Another star in the constellation of great whites in the Touraine is Vouvray. Easy to say and easier to drink, it is made entirely from Chenin Blanc and grown on Tufa soils. Chenin Blanc shines, literally, in these wines with a greenish golden hue. It smells like honey, honeysuckle, beeswax and soil. It can be bone dry (sec) to luxuriously sweet (doux). Domaine Huet is one of my favorite producers. fleir wines hit all of the hot spots on my palate. But the one I drink most of is Domaine Champalou.

This tiny family estate produces the most charming version of Vouvray. It is airy but not watery and simply satisfying and a wine that is extremely versatile with food.

It is impossible to speak of the Loire Valley whites without including perhaps the two brightest jewels in its crown- Sancerre and Pouilly Fumé. These sister appellations are the darlings of the white wine world and the icons for any Sauvignon Blanc producer the world over. Sancerre lies on the west bank of the Loire while Pouilly Fumé is on the east. They share a similar geology with mixed soils of clay/ limestone filled with sea fossils and flint, which the French call silex. This combination gives these whites their verve, zest and complexity. The cult producer of the region is Dagueneau. Their whites sell for the same prices as Grand Cru white Burgundy and are as hard to find. But for me, Sancerre and Pouilly Fumé should be about serious refreshment. And the producer that typifies this style for me in Sancerre is Domaine Hippolyte Reverdy. Michel Reverdy makes the most buoyant and cleansing Sancerre.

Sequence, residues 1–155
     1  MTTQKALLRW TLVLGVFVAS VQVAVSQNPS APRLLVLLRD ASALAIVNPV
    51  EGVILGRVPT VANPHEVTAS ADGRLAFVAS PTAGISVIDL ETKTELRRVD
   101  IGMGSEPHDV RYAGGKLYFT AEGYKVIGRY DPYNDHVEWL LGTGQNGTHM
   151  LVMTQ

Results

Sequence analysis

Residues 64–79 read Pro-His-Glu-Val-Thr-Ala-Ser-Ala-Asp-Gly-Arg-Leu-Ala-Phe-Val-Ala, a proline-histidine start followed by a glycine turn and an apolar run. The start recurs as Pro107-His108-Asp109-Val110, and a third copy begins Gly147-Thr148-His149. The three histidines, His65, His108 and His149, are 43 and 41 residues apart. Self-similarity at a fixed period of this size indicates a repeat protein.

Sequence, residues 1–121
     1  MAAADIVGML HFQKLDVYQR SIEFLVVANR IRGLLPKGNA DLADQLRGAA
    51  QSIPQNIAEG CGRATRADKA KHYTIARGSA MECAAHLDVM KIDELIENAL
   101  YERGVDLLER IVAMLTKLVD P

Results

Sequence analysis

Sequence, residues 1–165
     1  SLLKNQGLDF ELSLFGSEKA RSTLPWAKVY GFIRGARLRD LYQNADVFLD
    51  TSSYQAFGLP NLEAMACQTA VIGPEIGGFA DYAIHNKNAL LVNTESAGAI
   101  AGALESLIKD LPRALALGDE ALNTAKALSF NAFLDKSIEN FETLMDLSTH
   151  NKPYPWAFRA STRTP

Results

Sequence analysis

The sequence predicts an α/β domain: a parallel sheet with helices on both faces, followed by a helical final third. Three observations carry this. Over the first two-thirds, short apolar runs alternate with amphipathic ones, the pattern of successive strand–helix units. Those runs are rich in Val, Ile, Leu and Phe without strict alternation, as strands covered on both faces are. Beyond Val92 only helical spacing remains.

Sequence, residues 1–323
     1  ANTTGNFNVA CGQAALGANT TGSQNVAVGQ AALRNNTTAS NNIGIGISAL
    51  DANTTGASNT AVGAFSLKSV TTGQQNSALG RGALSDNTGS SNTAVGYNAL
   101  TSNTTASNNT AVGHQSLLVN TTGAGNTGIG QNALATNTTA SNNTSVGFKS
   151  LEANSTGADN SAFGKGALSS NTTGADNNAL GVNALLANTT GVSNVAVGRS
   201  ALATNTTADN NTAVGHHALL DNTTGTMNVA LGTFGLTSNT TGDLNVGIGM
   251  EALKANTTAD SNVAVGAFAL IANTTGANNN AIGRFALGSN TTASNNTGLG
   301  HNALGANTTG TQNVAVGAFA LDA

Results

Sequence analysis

It is the type of wine you can drink from noon to night, especially the warm ones. On the other side of the bank is Regis Minet’s Pouilly Fumé Vieilles Vignes (old vines from 30 to 80 years old). This Sauvignon Blanc is a bit creamier with more shades of green flint. It begs for oysters, clams and fish with creamy sauces. One night we had several bottles of both of these producers with freshly shucked Fine de Claire oysters with a squeeze of lemon-a flawless pairing.

In the Loire Valley, the white wines can lift your spirits and the reds will keep you warm. And I barely mentioned all the wonderful food: different Chevre cheeses, oysters, fresh fish and more. With all the great choices for wines, food and the beautiful scenery, it can make you feel, well, like royalty.

TERMS TO KNOW

SUR LIE

For Muscadet it means that the wine has remained in contact with the sediment (yeast, lees, etc.) over the winter giving the wine more depth and complexity.

BONNEZEAUX, QUARTS DE CHAUME AND COTEAUX DU LAYON Phenomenal sweet white wines made from Chenin Blanc grapes are picked by hand in several passes known as “tries” in French. Often botytized, these grapes are unctuously sweet and result in a delec-table wine similar to Sauternes.

QUINCY

An appellation known for Sauvignon Blanc similar in style to Sancerre Jasnières-a tiny appellation on the banks of the Loire River (small tributary to the Loire) based on Chenin Blanc. They are dry and refreshing.

PINEAU DE LA LOIRE

Synonym for Chenin Blanc

CHEVERNY

An appellation in the Touraine region based on Sauvignon Blanc but allowed to blend a little bit of Chardonnay. Great values.

TUFA

Limestone rock found particularly in the Touraine region. This is the same limestone quarried to make local churches, castles and buildings. There are homes still occupied along the riverbanks that have been built into the rocky Tufa outcroppings today.

ST. NICOLAS DE BOURGEUIL AND BOURGEUIL – Red wines based on Cabernet Franc.